The glacier lies south of Ilulissat on the west coast of Greenland, 250 km north of the Arctic Circle. The glacier drains 6.5% of the Greenland ice-sheet into the Ilulisat Icefjord and produces around 10% of all Greenland’s icebergs – including, legend has it, the one that sank the Titanic. 

It is the fastest and largest glacier (by discharge) in Greenland. Some of the icebergs breaking from the glacier are over one kilometre tall and several kilometres wide. 

At its terminus the Illulissat Glacier currently flows at about 30 m per day, but it flows even faster in the summer. In 2004 the Ilulissat Iceford was declared a UNESCO World Heritage Site. 

Source : LewisPughFoundation.org 

Watch Day 1 of Lewis Pugh's #ClimateSwim: Brutal conditions. Unexpected challenges. An incredibly difficult start ?‍♂️?? Source: Facebook/LewisPughFoundation

Greenland Ice Sheet Facts

• Second largest ice mass in the world, after the Antarctic Ice Sheet;

• 2,900 km long, 1,100 km wide;

• Over 3 km thick in places;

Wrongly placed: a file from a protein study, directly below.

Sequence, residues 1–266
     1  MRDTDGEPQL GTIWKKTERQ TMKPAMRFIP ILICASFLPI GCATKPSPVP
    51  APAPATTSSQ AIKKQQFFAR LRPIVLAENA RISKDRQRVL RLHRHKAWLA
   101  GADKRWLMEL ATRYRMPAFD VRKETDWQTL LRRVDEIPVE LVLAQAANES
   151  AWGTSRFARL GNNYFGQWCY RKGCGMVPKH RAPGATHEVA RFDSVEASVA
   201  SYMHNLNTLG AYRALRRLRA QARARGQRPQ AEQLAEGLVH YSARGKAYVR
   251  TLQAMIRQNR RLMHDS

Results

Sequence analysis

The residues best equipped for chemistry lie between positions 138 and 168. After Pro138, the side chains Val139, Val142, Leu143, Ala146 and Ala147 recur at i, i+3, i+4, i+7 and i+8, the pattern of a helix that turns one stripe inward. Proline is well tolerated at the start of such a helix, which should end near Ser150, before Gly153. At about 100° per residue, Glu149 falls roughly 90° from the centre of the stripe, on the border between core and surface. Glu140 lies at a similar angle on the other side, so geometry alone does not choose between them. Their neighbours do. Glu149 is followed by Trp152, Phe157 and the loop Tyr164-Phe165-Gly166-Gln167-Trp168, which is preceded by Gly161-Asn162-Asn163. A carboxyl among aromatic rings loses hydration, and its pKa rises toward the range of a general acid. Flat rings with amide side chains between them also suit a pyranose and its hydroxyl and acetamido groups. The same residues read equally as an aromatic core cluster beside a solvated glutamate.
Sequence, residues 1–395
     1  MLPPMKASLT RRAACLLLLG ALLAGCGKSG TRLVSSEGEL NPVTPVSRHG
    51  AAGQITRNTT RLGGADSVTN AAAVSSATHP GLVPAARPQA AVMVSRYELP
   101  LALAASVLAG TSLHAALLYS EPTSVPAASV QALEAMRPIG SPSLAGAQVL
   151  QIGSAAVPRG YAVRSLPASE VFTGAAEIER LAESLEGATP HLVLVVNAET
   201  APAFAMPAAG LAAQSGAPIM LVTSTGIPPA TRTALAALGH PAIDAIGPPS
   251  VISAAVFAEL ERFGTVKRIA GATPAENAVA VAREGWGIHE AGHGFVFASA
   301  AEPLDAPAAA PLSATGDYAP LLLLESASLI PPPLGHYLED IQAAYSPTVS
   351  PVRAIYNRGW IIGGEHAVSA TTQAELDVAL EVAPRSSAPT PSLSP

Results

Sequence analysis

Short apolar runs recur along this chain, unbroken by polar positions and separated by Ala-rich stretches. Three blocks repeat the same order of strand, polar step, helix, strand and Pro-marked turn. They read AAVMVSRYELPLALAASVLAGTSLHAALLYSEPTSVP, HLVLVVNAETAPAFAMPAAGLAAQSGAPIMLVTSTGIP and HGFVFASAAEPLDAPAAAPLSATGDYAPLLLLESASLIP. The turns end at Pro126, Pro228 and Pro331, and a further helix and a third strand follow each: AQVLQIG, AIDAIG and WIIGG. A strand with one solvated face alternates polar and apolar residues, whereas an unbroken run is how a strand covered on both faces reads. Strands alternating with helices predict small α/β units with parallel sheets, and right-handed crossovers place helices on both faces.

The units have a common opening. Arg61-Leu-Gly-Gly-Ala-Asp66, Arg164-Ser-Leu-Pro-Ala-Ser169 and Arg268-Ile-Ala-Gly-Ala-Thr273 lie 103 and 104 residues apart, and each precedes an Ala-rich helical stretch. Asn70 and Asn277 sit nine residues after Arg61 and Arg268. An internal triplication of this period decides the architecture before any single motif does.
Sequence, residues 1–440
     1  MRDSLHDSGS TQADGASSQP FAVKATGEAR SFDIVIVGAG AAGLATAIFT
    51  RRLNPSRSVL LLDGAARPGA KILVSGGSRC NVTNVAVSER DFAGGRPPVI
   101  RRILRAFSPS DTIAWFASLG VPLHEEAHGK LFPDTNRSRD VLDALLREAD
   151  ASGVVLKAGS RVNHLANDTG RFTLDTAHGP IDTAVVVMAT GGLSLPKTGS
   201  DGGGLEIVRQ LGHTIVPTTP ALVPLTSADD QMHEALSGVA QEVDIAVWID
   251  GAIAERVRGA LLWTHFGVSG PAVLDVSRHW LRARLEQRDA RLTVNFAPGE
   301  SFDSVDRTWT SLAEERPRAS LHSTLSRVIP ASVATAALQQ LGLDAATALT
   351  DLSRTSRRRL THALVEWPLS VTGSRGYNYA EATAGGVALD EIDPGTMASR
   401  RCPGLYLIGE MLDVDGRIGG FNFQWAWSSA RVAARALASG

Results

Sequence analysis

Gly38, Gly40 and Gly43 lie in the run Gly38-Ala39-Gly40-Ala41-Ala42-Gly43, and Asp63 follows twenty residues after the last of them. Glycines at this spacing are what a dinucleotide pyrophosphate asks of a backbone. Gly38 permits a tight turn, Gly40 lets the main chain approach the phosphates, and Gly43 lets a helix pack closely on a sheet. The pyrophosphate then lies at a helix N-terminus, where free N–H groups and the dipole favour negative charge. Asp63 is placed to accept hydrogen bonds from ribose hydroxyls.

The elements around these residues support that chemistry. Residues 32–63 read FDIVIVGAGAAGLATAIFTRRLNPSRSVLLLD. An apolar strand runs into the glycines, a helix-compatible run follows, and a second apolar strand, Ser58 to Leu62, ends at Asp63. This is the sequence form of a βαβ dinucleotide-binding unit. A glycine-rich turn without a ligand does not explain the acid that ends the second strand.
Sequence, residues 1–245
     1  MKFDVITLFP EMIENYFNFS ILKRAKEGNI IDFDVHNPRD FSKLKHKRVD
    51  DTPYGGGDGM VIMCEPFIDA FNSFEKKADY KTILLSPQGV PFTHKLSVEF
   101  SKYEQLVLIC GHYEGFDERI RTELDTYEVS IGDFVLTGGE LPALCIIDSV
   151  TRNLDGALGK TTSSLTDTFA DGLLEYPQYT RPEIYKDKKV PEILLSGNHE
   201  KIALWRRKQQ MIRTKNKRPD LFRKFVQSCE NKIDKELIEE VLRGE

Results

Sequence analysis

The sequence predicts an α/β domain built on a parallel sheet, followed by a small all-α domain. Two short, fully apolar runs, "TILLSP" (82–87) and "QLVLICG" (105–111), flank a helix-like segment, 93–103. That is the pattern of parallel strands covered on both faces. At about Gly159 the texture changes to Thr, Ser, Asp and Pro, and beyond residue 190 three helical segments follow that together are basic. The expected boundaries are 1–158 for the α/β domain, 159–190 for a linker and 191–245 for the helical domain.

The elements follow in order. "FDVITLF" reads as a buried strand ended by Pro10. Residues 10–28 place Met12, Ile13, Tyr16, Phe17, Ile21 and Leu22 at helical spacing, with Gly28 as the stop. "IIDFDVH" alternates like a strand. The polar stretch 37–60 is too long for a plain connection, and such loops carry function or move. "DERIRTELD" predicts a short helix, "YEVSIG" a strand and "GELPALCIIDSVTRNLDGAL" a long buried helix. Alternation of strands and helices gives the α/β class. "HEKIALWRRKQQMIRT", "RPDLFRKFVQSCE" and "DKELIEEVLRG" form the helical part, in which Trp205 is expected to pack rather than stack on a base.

•  2,850,000 cubic kilometres of ice;

•  lost almost 4,000 billion tonnes of ice between 1992 and 2018, causing the global mean sea level to rise by almost 11 mm. 

Source : LewisPughFoundation.org 

*update* Pugh completes multi-day icy Greenland swim to highlight climate crisis

Endurance swimmer Lewis Pugh has completed the most challenging swim of his career in Greenland to highlight the impacts of the climate crisis. Swimming in waters fed by the world’s fastest moving glacier, the UN patron of the oceans had to brave water temperatures between 0C and 3C (32F-37.4F) as he became the first person to undertake a multi-day swim in the polar regions.